Letrozole, or Femara has largely replaced Clomiphene for induction of ovulation. It is typically take from day 3-7 from start of cycle, regardless of whether you still have bleeding or not. It will help your eggs grow, and as such may be associated with an increased chance of getting twins pregnancy.
You will need cycle monitoring (ultrasounds and blood work) to follow up your eggs as they grow.
These have different names. There are a few difference in the way they are made, their purity, their cost, etc.
Pure FSH (no LH) are the better choice if you have PCO. Examples include Puregon and Gonal F. These may be used for IVF cycles or as an add on in IUI cycles. Repornex or menopure (as examples) have 1:1 FSH and LH. They may be added to your induction protocol for some LH activity as well as to reduce cost.
These medications need some training on how to use them, and you need to know hot o give yourself these shots.
These types of medications may be associated with increased risk of OHSS (see later).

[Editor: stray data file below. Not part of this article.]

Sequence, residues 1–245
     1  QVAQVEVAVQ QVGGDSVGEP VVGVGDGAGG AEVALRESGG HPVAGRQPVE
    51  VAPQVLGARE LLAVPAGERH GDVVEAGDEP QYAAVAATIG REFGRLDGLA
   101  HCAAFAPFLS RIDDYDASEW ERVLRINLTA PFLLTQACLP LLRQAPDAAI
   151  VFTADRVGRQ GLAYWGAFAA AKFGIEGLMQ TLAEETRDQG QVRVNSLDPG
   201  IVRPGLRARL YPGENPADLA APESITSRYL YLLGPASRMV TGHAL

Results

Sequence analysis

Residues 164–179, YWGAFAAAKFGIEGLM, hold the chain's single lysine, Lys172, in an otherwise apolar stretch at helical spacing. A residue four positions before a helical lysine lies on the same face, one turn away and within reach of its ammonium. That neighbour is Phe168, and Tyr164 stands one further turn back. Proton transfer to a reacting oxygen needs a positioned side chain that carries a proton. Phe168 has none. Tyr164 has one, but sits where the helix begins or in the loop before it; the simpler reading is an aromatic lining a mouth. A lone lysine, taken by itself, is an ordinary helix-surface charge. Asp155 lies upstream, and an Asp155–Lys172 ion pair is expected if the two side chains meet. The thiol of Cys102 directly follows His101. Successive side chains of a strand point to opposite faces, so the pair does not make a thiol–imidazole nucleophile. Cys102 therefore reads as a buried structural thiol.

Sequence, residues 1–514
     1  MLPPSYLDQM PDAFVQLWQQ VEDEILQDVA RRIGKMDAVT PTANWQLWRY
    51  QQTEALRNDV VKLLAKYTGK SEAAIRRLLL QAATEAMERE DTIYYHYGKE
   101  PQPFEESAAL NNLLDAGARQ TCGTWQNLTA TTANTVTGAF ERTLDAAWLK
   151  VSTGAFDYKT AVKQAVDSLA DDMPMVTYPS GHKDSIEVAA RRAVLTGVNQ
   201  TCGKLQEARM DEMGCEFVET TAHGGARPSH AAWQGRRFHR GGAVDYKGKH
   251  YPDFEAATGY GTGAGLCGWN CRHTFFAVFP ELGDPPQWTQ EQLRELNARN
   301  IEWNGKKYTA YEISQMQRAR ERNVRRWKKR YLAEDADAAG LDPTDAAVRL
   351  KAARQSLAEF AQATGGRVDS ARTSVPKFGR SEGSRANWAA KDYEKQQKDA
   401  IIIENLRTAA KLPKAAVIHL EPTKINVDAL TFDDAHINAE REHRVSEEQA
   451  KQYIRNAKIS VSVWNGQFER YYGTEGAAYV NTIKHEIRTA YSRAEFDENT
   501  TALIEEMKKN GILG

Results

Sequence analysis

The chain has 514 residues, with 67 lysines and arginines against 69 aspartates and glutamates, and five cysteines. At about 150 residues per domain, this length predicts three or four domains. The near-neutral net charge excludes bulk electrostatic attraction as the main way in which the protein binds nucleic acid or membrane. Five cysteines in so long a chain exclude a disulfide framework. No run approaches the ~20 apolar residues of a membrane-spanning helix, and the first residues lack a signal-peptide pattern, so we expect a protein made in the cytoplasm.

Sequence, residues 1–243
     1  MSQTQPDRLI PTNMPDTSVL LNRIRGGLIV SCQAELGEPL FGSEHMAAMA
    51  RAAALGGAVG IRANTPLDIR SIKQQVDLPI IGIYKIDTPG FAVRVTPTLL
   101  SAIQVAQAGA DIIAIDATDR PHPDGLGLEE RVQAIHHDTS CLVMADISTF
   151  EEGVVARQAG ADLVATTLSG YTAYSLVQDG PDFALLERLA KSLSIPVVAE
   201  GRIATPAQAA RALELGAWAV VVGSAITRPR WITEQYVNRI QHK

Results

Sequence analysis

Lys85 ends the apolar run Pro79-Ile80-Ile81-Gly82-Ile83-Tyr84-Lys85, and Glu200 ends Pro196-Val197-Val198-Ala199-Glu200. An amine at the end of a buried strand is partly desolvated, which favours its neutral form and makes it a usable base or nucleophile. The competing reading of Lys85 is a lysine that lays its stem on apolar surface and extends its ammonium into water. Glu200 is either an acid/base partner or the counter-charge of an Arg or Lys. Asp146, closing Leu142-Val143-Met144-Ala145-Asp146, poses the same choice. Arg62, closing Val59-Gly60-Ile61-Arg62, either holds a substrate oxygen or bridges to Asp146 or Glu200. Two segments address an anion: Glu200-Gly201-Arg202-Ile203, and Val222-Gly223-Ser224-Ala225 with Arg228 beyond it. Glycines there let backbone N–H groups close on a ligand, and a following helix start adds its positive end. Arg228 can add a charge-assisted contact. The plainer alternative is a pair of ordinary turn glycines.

These types of medications are used to prevent your egg from coming out too soon (prevent ovulation in an IoO cycle). We usually like to control ovulation to know when exactly did you ovulate. Timing is very important especially in IVF cycle.
It is a simple procedure. We start with IoO (see above) to grow your eggs. You can get a combination of medications to do that. Once the egg is ready, we give you the trigger medication (shot). Usually the IUI is then planned for the following day. That following day, we ask for a sperm sample. (This can be produced at the Center or at home, as long as you bring it in within one hour of production).
The embryology lab will then work on it for about 45-60 minutes and then it is ready for IUI. Through something very similar to a Pap test, the washed or processed sperm is then ijected into the uterus. You need to rest for a few minutes and then you are free to go. Remember to follow the 'post' instructions.
There is an additional cost to the embryology lab not covered by OHIP.
This is the treatment with the most chances of getting someone pregnant. It is also the most expensive. It is offered for many reasons, whether for anovulation, endometriosis, advanced age, unexplained infertility, etc. It is also useful for male issues, including low sperm count, decreased movement, etc.
This is the flag ship of fertility treatment.
In this treatment, we make you produce many eggs, take them out and put them in a 'test tube' and then put sperm with them. When the eggs are fertilized, we freeze them, and then one by one, we transfer them back to the uterus (Embryo Trasnfer).